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Resources to support breastfeeding during periods of wildfire smoke exposure

This question was posted the Infant and young child feeding interventions forum area and has 3 replies.

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Jodine Chase, SafelyFed Canada

Normal user

31 May 2024, 18:16

Hello,

We are looking for any resources that may have been developed to support breastfeeding initiation and duration during periods of wildfire smoke exposure. We are aware of some research on breastmilk contamination from wildfire smoke, and also of research that shows that breastfeeding is generally recommended through exposure periods as the benefits outweigh the risks. We are looking for examples of resources that have been developed for healthcare workers or families. We would also love to hear if you have an experience to share about the need for these resources, or if you have experience with supporting/counselling families during periods of wildfire smoke inhalation - especially during evacuations.

Thank you,

Jodine Chase
SafelyFed Canada

Karleen Gribble

School of Nursing and Midwifery, Western Sydney Un

Normal user

3 Jun 2024, 02:40

Hi Jodine,

We have a fact sheet for mothers on breastfeeding in emergencies that was developed as a part of the Australian Breastfeeding Association Bushfire Project that includes some content on infant feeding behaviour in bushfire smoke that may assist https://www.breastfeeding.asn.au/emergency-resources-babies-and-toddlers

I have also written a couple of Conversation articles that may help.

https://theconversation.com/babies-and-toddlers-might-not-know-theres-a-fire-but-disasters-still-take-their-toll-129699

https://theconversation.com/no-stress-wont-dry-up-your-milk-how-to-keep-breastfeeding-your-baby-in-an-emergency-205031

All the research that I am aware of on smoke exposure and breastmilk/breastfeeding suggest that level of contaminants in breastmilk even with very heavy smoke exposure is low and I think that it's not that breastfeeding is generally recommended of mothers are exposed to bushfire smoke but that the recommendation to breastfeed is unchanged even when mothers are smoke exposed.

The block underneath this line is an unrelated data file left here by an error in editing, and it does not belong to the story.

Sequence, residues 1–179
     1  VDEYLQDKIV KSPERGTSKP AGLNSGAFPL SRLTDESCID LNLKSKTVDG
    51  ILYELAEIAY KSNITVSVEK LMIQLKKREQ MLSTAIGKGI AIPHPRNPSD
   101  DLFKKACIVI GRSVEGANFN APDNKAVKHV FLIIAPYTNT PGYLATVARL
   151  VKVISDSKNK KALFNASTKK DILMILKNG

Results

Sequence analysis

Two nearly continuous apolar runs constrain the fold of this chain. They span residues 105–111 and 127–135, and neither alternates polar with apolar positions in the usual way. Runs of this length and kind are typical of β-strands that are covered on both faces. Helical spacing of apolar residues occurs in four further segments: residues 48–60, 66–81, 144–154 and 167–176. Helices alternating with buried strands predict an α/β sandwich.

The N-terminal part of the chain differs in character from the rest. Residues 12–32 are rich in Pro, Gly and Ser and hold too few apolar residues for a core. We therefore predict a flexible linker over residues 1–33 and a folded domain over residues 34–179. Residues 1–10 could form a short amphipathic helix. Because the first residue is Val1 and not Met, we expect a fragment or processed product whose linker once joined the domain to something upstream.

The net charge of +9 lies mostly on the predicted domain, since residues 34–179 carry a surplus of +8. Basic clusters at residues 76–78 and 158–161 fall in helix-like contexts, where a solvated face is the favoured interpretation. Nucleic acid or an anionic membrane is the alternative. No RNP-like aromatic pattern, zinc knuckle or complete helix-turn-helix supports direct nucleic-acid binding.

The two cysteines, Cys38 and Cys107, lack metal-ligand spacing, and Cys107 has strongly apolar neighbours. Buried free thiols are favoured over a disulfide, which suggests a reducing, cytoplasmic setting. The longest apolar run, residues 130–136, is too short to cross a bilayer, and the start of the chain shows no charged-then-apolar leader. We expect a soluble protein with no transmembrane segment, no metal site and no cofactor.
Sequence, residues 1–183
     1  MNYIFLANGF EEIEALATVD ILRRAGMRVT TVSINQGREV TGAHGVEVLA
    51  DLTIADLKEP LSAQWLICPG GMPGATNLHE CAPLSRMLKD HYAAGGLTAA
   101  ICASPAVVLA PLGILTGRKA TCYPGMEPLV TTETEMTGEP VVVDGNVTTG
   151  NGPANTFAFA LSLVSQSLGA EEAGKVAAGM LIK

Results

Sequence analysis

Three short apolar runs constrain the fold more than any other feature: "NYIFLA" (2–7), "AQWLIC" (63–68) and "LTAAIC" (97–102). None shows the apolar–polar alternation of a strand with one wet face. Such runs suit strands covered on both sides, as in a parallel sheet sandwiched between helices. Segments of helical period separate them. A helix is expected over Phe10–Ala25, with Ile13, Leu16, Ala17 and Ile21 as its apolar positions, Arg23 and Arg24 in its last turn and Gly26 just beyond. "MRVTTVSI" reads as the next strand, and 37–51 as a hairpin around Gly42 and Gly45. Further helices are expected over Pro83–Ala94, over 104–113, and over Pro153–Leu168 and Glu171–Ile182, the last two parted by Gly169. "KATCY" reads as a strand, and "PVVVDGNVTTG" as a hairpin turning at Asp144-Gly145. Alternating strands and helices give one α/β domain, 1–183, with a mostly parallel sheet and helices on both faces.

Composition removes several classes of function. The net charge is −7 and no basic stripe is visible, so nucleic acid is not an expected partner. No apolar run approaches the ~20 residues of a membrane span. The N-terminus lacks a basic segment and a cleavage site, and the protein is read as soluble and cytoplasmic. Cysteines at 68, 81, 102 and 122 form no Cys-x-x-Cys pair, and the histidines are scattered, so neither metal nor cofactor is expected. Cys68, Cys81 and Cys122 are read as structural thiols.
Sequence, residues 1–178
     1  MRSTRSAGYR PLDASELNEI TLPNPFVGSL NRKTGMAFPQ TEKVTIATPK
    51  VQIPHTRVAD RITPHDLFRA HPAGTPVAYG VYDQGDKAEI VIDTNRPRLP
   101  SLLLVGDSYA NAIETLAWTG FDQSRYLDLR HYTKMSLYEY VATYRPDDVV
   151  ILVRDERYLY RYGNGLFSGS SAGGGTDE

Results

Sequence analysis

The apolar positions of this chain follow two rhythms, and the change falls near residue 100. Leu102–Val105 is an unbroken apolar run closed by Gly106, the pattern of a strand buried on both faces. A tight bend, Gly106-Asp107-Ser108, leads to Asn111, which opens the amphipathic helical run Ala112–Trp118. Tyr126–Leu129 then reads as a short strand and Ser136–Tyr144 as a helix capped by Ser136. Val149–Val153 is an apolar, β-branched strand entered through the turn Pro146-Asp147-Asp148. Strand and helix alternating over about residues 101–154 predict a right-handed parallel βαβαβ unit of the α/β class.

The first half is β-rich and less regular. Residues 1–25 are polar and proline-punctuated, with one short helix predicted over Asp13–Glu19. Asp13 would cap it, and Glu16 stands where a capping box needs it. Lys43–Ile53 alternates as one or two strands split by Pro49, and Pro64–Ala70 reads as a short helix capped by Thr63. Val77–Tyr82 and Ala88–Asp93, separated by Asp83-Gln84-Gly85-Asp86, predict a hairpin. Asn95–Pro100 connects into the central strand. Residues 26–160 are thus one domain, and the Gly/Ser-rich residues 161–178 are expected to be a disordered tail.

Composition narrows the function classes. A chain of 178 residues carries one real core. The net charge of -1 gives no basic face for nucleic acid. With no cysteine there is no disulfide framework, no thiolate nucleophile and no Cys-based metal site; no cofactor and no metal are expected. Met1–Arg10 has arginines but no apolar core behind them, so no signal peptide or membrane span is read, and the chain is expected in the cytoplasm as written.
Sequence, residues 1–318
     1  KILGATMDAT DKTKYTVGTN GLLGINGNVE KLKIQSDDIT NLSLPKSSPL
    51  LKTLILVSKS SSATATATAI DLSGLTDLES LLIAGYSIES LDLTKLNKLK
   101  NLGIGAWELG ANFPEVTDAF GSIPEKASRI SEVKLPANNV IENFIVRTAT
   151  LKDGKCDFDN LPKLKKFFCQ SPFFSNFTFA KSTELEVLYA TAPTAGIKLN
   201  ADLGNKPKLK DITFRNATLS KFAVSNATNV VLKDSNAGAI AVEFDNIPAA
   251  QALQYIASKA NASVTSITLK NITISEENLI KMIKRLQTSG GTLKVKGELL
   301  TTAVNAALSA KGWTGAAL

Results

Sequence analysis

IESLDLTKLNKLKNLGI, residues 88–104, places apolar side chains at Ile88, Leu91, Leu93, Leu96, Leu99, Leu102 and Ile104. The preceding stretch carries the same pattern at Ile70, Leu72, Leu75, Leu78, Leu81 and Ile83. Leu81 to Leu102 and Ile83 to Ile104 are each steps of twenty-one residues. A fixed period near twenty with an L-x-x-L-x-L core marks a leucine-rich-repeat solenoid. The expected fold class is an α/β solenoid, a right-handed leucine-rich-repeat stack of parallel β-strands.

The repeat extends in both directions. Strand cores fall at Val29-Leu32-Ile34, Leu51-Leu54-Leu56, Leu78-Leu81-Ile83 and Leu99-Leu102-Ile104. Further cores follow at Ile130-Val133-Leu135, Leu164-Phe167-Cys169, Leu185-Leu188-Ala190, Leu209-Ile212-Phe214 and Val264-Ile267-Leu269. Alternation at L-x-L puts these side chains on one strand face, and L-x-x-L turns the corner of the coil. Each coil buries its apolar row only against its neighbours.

When it comes to counselling mothers in bushfires, the most common concerns are what is seen in any emergency related to low milk supply which are usually underpinned by infant behaviour change and maternal lack of confidence in breastfeeding. Helping women to understand their baby's behaviour, to assess milk sufficiency and providing reassurance assists mothers to keep breastfeeding.

Coming on and off the breast because of difficulty breathing is a bushfire-specifc feeding behaviour that is important that mothers know about and understand. We have a nice account of a breastfeeding counsellor doing this and the mum describing how this helped her to continue breastfeeding on page 38 of the report of the Babies and Young Children in the Black Summer Study https://www.breastfeeding.asn.au/sites/default/files/2023-06/BiBS%20Study%20Report%20Final.pdf

I hope this is helpful.

Karleen Gribble

School of Nursing and Midwifery, Western Sydney Un

Normal user

3 Jun 2024, 02:40

Hi Jodine,

We have a fact sheet for mothers on breastfeeding in emergencies that was developed as a part of the Australian Breastfeeding Association Bushfire Project that includes some content on infant feeding behaviour in bushfire smoke that may assist https://www.breastfeeding.asn.au/emergency-resources-babies-and-toddlers

I have also written a couple of Conversation articles that may help.

https://theconversation.com/babies-and-toddlers-might-not-know-theres-a-fire-but-disasters-still-take-their-toll-129699

https://theconversation.com/no-stress-wont-dry-up-your-milk-how-to-keep-breastfeeding-your-baby-in-an-emergency-205031

All the research that I am aware of on smoke exposure and breastmilk/breastfeeding suggest that level of contaminants in breastmilk even with very heavy smoke exposure is low and I think that it's not that breastfeeding is generally recommended of mothers are exposed to bushfire smoke but that the recommendation to breastfeed is unchanged even when mothers are smoke exposed. 

When it comes to counselling mothers in bushfires, the most common concerns are what is seen in any emergency related to low milk supply which are usually underpinned by infant behaviour change and maternal lack of confidence in breastfeeding. Helping women to understand their baby's behaviour, to assess milk sufficiency and providing reassurance assists mothers to keep breastfeeding.

Coming on and off the breast because of difficulty breathing is a bushfire-specifc feeding behaviour that is important that mothers know about and understand. We have a nice account of a breastfeeding counsellor doing this and the mum describing how this helped her to continue breastfeeding on page 38 of the report of the Babies and Young Children in the Black Summer Study https://www.breastfeeding.asn.au/sites/default/files/2023-06/BiBS%20Study%20Report%20Final.pdf

I hope this is helpful.

Jodine Chase

Co-Lead

Normal user

18 Jun 2024, 14:37

Very helpful, thank you. 

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